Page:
Johnna Wiens (HSBC Prosperity Hall)

Here we go again – our to-do lists are a mile long and the days and weeks are flying by faster than ever.  Before you let yourself fall into the biannual habit of late-night junk food binges and erratic sleep schedules, check out these simple, easy-to-implement tips for staying energized this month:

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Walk: Get some blood pumping!  Don’t let yourself sit in the same chair in the library or the study room all day.  Science shows that even 10 minutes of walking at a moderate pace is enough to increase your heart rate, which immediately boosts your alertness.  Now doesn’t that sound nice? 

Avoid caffeine and sugary drinks: Ditching the coffee might seem counterintuitive, but cold (not hot) water is actually a much better option for keeping your body healthy and functioning well.  Did you know that drinking cold water actually increases your metabolism temporarily?  That increase will likely give you noticeably energy.  With caffeine and energy drinks, you may be ‘buzzed’ for a few hours, but the “crash” when they wear off often leaves one feeling worse than they did beforehand.  This does not happen with water!  Plus, caffeine actually dehydrates the human body, whereas cold water will keep you hydrated, healthy and energised.  Another bonus: cold, filtered water is free for us in the common rooms! And we all know how expensive that cup of Starbucks or that can of Red Bull can be. 

Eat healthy, well-balanced meals: Ever wonder why a lunch full of rice leaves you feeling groggy and ready for a nap?  Well, it’s the same general principle as the crash that follows sugary energy drinks:  All of those carbohydrates suck your body’s energy into digesting them, leaving less blood flow and thus, less energy, for the rest of your body.  Stick to meals that are full of fruits, veggies and protein rather than carbohydrates from rice and noodles, and you’ll be less likely to find yourself using your textbook as a pillow come mid-afternoon.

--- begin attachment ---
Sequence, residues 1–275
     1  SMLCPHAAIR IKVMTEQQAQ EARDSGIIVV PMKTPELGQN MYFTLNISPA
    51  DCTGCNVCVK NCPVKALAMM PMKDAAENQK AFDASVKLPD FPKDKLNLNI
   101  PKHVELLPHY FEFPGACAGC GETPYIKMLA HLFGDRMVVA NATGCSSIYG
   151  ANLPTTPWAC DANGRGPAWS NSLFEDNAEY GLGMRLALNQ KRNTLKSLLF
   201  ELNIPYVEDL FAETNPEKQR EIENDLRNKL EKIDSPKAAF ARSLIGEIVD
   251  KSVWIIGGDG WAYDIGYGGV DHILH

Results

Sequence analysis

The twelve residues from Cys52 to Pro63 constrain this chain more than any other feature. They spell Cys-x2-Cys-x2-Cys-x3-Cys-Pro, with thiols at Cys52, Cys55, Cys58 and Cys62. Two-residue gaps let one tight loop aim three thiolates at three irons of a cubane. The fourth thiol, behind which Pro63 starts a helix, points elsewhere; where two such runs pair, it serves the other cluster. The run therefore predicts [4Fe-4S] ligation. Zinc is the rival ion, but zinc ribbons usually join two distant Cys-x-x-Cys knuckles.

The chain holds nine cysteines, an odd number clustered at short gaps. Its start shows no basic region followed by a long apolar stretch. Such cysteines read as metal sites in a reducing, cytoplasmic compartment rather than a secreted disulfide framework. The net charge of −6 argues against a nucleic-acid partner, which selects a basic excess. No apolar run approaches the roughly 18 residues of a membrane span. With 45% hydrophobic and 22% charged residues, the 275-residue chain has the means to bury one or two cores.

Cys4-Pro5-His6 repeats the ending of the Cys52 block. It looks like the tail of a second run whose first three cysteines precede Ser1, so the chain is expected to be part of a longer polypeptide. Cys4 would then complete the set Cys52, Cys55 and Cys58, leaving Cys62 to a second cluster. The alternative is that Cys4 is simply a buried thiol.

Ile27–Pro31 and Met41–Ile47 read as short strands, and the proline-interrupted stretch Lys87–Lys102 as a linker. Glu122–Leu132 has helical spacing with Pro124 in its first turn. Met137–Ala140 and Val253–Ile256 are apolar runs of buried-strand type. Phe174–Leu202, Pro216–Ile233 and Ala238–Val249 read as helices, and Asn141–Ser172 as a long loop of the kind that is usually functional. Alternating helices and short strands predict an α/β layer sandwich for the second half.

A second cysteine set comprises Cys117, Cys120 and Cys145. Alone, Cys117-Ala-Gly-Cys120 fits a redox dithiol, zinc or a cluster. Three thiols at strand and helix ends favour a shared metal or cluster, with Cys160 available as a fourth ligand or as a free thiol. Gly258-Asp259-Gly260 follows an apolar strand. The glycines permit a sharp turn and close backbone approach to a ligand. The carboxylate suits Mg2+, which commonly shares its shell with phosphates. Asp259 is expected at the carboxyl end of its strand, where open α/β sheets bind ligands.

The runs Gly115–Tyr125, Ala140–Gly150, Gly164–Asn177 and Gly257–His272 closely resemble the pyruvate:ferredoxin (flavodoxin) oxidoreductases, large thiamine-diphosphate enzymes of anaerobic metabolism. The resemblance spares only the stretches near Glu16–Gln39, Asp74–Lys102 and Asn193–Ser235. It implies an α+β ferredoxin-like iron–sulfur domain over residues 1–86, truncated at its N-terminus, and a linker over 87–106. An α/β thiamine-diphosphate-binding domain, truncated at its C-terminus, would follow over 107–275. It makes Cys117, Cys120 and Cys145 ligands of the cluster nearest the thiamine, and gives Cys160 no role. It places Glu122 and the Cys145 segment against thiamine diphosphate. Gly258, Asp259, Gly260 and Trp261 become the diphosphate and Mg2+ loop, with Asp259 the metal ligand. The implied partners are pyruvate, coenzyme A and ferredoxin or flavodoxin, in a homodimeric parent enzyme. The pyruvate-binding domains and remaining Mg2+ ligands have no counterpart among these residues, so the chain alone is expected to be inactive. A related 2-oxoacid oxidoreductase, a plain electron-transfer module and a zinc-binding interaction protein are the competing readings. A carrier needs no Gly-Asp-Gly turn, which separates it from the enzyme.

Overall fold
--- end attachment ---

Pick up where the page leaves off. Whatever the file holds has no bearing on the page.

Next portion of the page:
Take regular breaks: This is perhaps the most important tip of all.  It is a scientific truth that our brains can only absorb and retain three key pieces of information at a time.  So, study three sections of your Microeconomics lecture notes and then take a quick break.  A good way to work breaks into your day are at meals, especially lunch and dinner.  But, make sure that it is truly a break.  Multitasking while you eat causes you to both be less satisfied by your meal and wasteful with your studying time.  Take twenty minutes, eat your lunch and laugh about something non-school related.  I bet you’ll feel reenergised and ready to focus again. 

Whatever your strategies, I hope that you find healthy ways to add oil this month.  And remember:  Your physical health and mental wellbeing will always be more important than any exam grade. 


ResLink Issue No.35
May 2011